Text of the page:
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Law in sport: behind the finishing line

Law in sport: behind the finishing line

Syndy Liew

04/05/2022

Reading time: six minutes

During a panel event of an open day I attended, the panellists shared their most interesting cases. For example, an associate mentioned being a part of a deal involving the new stadium for Tottenham Hotspur F.C. She was a fan of the club, so it’s easy to see why this is the coolest case she has worked on. 

I’ve always been a big fan of sports and watching high-performance sports like Formula 1, football, World Surf League and others. This prompted me to start researching law in the sports sector.

Read this LawCareers.Net solicitor’s practice area profile to find out more about sports law.

The role of law in the sports world 

Some examples of the role that law plays in regulating high-performance sports include drafting athletes' contracts, drafting regulations (F1 recently released new technical regulations) or securing new facilities or sports grounds. 

The impact of covid-19

Due to the cancellation or delay of many sporting events during the pandemic, there have been some legal implications concerning contractual agreements like broadcast issues, sponsorship issues and complications with player’s contracts. For example, the court faced the issue of whether a party could legally exercise its right to terminate a contractual agreement as a result of covid-19 in the case of The Football Association Premier League Limited v PPLive Sports International Limited (2022). The case involved a Hong-Kong based broadcaster.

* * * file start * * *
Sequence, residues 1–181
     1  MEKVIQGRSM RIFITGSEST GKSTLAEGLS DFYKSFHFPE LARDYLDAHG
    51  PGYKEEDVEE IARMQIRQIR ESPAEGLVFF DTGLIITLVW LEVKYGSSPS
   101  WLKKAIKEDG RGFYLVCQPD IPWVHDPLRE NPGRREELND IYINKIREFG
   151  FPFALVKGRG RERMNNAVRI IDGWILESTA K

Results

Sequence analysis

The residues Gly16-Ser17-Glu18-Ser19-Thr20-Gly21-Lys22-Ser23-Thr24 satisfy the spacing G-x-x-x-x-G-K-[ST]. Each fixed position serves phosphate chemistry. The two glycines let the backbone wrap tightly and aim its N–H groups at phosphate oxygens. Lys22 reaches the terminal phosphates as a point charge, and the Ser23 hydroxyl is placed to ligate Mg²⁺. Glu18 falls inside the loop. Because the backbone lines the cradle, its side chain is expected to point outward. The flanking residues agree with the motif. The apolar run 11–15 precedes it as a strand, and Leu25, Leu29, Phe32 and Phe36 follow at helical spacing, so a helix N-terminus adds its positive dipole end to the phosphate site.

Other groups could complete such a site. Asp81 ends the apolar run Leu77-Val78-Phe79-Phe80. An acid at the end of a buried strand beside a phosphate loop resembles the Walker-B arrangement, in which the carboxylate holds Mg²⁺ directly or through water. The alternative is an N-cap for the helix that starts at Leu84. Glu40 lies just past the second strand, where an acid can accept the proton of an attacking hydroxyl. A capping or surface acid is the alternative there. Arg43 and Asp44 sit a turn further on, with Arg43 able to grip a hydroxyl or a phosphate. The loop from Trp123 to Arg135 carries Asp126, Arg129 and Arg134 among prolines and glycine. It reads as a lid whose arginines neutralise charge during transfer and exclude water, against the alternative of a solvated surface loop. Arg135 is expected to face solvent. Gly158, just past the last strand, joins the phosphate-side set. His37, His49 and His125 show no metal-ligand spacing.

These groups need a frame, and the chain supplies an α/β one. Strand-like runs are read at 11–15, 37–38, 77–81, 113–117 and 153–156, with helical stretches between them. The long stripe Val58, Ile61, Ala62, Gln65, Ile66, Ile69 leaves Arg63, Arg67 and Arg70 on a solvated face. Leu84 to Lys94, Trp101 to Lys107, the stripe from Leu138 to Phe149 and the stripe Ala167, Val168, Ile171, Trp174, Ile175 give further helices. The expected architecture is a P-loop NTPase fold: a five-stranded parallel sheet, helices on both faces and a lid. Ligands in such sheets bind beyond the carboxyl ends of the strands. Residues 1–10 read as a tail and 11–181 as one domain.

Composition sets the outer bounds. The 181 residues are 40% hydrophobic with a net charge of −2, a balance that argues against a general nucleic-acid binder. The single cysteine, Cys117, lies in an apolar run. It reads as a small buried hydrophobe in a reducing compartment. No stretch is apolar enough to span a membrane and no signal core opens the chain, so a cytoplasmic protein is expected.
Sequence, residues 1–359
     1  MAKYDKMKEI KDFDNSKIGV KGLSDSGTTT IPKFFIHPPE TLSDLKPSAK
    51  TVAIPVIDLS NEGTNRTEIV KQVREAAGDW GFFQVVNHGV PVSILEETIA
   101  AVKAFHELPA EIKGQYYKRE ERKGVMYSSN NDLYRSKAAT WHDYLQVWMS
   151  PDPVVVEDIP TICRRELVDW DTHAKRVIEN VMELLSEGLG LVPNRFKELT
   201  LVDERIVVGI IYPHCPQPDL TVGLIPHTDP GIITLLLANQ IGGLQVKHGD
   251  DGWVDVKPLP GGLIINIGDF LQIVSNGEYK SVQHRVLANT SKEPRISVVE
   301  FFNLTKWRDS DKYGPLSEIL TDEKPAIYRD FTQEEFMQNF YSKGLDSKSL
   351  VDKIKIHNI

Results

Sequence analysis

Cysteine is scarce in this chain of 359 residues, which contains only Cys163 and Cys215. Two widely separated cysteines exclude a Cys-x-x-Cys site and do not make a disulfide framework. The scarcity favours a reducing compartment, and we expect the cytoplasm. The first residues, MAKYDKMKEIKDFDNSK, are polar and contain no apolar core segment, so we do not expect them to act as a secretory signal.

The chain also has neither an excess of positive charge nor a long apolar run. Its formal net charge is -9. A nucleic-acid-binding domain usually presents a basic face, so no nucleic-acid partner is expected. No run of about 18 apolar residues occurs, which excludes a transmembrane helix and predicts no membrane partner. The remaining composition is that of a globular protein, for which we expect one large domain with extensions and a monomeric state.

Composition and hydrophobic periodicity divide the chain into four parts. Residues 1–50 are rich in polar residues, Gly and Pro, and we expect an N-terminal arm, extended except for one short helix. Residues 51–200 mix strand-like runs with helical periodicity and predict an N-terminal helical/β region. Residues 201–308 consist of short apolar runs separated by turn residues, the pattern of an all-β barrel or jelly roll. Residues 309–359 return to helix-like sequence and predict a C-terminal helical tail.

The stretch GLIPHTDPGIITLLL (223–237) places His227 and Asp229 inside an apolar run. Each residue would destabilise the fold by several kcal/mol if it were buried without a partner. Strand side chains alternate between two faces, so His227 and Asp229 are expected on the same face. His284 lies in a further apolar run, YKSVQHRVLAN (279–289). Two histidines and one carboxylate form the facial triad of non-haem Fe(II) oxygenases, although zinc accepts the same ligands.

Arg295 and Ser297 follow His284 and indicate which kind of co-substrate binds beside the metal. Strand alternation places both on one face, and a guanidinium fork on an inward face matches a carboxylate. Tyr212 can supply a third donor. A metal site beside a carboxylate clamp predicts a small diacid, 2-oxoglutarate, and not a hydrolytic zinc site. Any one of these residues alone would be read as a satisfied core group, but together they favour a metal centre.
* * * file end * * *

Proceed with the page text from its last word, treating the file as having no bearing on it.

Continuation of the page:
As a result of the delayed events and other pandemic-related disruptions, the remaining fixtures of the Premier League 2019/20 season were played under different conditions. For example, the stadiums were empty, kick-off times were later in the day and there were more evening matches. This posed a problem for PPLive since the later kick-off times (early morning in HK & China) made the matches inconvenient for broadcast in Hong Kong and China. 

PPLive argued that this amounted to a “fundamental change to the format of the Competition and Premier League should have entered into “good faith negotiations … to discuss a possible reduction of the Feesas stated by one of the clauses. By failing to do so, Premier League's termination of the contract after PPLive didn’t pay the instalment on the schedule was unjustified. However, the court didn’t accept the argument and ruled in favour of Premier League who was awarded over $212 million.

Therefore, parties need to pay attention to the terms of any media rights agreement when negotiating its terms and when exercising rights under it. One consideration might include the mitigation of similar risks when negotiating contract terms. 

To learn more about contract law, read this LCN Says: ‘SQE manual series: why you should study contract law’.

Broadcasting contracts

On the topic of broadcasting, the pandemic caused strain on the contractual performance originally contemplated by the broadcasters on the one hand, and the sports leagues and their clubs on the other.

But why is broadcasting so important? 

A broadcasting right, also known as a media right, is a legal right that a broadcasting organisation owns for commercial purposes. Television organisations and media companies would often pay huge amounts for the exclusive license which equates with a right to broadcast top sporting events live.

Sky Sports owns the media rights to broadcast Formula 1 GP events in the UK. The process of securing broadcasting rights depends on the sports organisations like the European football league, English Premier League.

To gain a deeper insight into media and entertainment, read this LawCareers.Net solicitor’s practice area profile.